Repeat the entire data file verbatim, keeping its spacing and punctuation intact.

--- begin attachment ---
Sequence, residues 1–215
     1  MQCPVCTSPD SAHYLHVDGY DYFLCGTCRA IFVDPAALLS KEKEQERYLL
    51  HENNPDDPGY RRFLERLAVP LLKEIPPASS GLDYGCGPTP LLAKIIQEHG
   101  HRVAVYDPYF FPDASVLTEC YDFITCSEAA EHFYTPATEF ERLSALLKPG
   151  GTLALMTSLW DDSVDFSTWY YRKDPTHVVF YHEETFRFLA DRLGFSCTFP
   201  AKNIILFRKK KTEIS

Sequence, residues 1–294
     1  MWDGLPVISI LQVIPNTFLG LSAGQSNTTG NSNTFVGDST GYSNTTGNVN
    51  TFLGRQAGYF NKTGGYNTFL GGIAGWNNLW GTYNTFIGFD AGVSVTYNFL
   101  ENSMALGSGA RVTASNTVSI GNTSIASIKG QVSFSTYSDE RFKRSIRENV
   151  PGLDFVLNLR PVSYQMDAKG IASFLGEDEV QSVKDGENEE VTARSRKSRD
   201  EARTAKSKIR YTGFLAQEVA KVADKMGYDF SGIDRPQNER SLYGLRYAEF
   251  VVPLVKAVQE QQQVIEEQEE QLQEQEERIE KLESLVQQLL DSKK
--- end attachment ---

Sequence, residues 1–215
     1  MQCPVCTSPD SAHYLHVDGY DYFLCGTCRA IFVDPAALLS KEKEQERYLL
    51  HENNPDDPGY RRFLERLAVP LLKEIPPASS GLDYGCGPTP LLAKIIQEHG
   101  HRVAVYDPYF FPDASVLTEC YDFITCSEAA EHFYTPATEF ERLSALLKPG
   151  GTLALMTSLW DDSVDFSTWY YRKDPTHVVF YHEETFRFLA DRLGFSCTFP
   201  AKNIILFRKK KTEIS

Sequence, residues 1–294
     1  MWDGLPVISI LQVIPNTFLG LSAGQSNTTG NSNTFVGDST GYSNTTGNVN
    51  TFLGRQAGYF NKTGGYNTFL GGIAGWNNLW GTYNTFIGFD AGVSVTYNFL
   101  ENSMALGSGA RVTASNTVSI GNTSIASIKG QVSFSTYSDE RFKRSIRENV
   151  PGLDFVLNLR PVSYQMDAKG IASFLGEDEV QSVKDGENEE VTARSRKSRD
   201  EARTAKSKIR YTGFLAQEVA KVADKMGYDF SGIDRPQNER SLYGLRYAEF
   251  VVPLVKAVQE QQQVIEEQEE QLQEQEERIE KLESLVQQLL DSKK